Looking back, Lilly doesn't recognise the woman who complained and questioned the point of reopening a case from 1976. Once she even laughed to herself at the fact that she ever thought 1976 was too old to solve. Or too old to matter.
She's glad Stillman made her stay on the case. Glad he listened to her complain about how Vera was passing off work onto her and then told her to stay with the case anyway. Even if it was meant to be Vera's, even if it had kept her off the live case, even if at the time she hadn't understood why it mattered so much.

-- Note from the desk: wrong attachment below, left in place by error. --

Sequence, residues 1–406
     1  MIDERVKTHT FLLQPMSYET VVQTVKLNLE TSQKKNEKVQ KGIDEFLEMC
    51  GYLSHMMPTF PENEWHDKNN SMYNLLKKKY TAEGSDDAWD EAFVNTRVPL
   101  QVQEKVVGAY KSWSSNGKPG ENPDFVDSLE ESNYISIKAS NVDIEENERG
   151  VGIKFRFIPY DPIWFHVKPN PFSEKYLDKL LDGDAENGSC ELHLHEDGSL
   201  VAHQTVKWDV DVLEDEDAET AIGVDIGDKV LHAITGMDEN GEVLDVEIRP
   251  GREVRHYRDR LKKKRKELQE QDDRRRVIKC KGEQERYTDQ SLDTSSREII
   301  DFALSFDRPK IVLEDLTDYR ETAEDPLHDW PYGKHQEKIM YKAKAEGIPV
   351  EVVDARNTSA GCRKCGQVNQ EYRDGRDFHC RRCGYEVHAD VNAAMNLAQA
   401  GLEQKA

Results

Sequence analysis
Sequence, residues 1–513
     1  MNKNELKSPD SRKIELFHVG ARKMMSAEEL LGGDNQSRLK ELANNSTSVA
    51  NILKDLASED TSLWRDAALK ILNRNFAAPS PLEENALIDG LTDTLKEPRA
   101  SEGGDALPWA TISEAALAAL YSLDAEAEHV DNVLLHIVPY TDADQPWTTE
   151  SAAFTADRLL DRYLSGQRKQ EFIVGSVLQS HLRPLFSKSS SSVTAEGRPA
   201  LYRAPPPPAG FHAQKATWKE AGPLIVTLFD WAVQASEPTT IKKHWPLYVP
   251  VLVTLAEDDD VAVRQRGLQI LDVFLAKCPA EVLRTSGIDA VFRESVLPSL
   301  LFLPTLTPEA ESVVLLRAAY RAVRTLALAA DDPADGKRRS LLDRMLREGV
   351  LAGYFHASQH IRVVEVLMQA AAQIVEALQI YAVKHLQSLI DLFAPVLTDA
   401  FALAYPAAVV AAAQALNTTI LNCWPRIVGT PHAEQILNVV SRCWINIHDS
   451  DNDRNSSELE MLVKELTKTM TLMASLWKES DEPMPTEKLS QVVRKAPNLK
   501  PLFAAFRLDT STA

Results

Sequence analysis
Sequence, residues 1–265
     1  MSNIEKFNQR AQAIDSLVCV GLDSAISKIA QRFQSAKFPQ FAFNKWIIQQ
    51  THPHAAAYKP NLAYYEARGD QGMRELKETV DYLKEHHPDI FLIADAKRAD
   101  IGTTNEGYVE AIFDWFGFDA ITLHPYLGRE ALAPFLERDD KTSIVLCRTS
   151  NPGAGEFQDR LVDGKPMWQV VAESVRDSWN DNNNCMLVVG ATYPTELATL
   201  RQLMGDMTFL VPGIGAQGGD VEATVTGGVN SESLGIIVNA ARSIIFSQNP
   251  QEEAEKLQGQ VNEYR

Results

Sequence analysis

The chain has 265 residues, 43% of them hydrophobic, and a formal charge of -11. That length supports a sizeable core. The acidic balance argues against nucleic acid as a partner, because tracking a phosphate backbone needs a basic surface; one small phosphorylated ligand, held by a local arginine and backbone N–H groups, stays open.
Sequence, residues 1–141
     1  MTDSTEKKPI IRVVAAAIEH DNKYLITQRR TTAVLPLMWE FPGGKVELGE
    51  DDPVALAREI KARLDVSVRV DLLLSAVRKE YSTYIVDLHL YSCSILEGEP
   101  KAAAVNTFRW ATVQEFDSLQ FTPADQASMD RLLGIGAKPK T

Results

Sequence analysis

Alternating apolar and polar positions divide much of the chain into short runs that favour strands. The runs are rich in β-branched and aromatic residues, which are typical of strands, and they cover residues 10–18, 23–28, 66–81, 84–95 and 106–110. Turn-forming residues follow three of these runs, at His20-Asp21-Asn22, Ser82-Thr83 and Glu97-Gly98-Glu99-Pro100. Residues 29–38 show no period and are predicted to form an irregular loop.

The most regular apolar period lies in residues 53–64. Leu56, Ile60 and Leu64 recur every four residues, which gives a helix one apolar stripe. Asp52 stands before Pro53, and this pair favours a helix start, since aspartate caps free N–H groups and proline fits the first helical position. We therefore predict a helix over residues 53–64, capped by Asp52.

The way the rest of them talk about her now — the jokes, the names and the rumours — no-one would ever have guess that it took her a moment to find her footing in the cold jobs. That it took time before it was her insisting that they were more important because they'd already waited too long.
She could remember the moment, the precise second, that drove home just how much it mattered. It was dragging that son-of-a-bitch, Todd Whitley, out of the car and into the rain and looking across and seeing them. Melanie and Evelyn, huddled together under an umbrella.
That split second.
Ending Jill Shelby's life wasn't the only damage Todd had caused, even if it was the worst. He had torn up the lives of the two women and Lilly saw it all in that moment.
Lilly saw the ripples that her work caused and that no matter how old it was, there were still people it mattered to. And that was it.
That was the moment.